Panama Canal, Panama
The Panama Canal is one of the world’s most impressive engineering feats. The canal extends 80 kilometers (50 mi) from Panama City on the Pacific Ocean to Colón on the Caribbean Sea. It’s built at one of the lowest and narrowest points in Panama, and runs right through the Continental Divide. More than 14,000 ships pass through the canal annually, carrying some 300 million tons of cargo. As such, the Panama Canal is one of the largest generators of income for Panama—in 2011, the canal generated $800 million, some two percent of the country’s GDP.
Completed by the U.S. in 1914, the Panama Canal consists of three sets of double locks. There are two on the Pacific side, and one on the Caribbean side.
The Miraflores Locks, on the Pacific side, are the ones most visited by travelers. They are just outside Panama City and very easy to reach. The Miraflores Locks form the entrance to the Panama Canal, linking the Pacific Ocean with the manmade Miraflores Lake. They raise and lower the ships 16.5 meters (54 ft.) in two steps. It’s incredible to watch a massive ship be loaded, lifted, and released from the locks.
The Miraflores Locks also have a large visitors center. The visitors center has observation decks, a restaurant, and a four-story museum. The museum covers everything from the failed French effort to the flora and fauna that thrive within the canal.
The Pedro Miguel Locks are a short, 10-minute drive from Miraflores. These locks raise and lower ships in one 9.5-meter (31 ft.) step and link Miraflores Lake to the Gaillard Cut. The locks aren’t open to the public, but you can see them from the highway. You can also get views of the Gaillard Cut, the spot where the canal runs through the Continental Divide. The Gaillard Cut runs 14 kilometers (8.5 mi) and took some 9 million kilos of dynamite, 6,000 workers, and six years to finish.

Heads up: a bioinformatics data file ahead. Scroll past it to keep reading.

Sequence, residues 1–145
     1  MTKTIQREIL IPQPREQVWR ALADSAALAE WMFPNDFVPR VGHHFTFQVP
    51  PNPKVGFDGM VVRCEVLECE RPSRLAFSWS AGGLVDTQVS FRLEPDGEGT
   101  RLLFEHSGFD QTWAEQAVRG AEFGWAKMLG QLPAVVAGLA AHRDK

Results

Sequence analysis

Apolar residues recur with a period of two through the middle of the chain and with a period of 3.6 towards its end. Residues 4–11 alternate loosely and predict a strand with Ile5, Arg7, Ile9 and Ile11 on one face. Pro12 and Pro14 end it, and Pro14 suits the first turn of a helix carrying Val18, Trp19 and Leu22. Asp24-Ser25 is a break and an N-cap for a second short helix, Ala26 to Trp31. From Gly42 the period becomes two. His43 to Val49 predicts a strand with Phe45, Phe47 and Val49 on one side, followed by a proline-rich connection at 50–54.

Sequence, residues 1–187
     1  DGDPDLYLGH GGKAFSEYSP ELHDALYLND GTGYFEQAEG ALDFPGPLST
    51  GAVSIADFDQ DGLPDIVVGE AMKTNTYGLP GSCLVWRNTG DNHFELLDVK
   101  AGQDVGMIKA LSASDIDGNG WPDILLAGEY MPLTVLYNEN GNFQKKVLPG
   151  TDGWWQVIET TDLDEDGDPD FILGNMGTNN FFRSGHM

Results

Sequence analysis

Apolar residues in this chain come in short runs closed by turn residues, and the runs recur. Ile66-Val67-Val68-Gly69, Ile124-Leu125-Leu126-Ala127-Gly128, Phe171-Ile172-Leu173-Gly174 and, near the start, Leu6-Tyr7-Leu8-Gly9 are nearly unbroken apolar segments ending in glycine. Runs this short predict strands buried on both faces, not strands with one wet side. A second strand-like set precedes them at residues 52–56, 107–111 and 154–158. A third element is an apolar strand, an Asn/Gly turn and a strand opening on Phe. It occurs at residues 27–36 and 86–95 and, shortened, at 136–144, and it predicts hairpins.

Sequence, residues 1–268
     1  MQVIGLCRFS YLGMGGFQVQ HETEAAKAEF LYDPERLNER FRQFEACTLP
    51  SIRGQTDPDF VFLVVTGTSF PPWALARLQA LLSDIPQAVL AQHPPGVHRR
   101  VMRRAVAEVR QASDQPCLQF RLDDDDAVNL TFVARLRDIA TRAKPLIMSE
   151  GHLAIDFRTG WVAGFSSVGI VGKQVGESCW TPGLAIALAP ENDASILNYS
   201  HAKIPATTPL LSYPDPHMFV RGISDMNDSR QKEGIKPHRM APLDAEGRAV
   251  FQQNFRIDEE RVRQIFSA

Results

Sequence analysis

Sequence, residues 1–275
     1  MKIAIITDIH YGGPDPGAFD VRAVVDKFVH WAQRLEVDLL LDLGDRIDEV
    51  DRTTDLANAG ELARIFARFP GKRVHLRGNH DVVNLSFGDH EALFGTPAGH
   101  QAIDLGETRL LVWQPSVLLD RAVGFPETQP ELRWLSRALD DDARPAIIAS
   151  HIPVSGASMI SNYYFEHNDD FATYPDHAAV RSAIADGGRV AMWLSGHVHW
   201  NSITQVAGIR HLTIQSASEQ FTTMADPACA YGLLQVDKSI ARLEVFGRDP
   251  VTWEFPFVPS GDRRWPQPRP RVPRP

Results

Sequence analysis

The third set of locks, the Gatún Locks, is set on the Caribbean side of Panama just west of Colón. These locks are massive. They raise ships 26 meters (85 ft.) – the same height that the two Pacific side locks do together – and stretch 1.5 kilometers (1 mi). The Gatún Locks are a farther drive from Panama City and are visited by much fewer visitors. There is, however, an observation platform that provides good views of the locks, Lake Gatún, and the Caribbean entrance to the canal.
Aside from visiting the locks, travelers can take a transit boat up the Panama Canal. The transits typically go through the Miraflores and Pedro Miguel locks, as well as the Gaillard Cut. Transits are a great way to get an up-close, waterside look at the Panama Canal.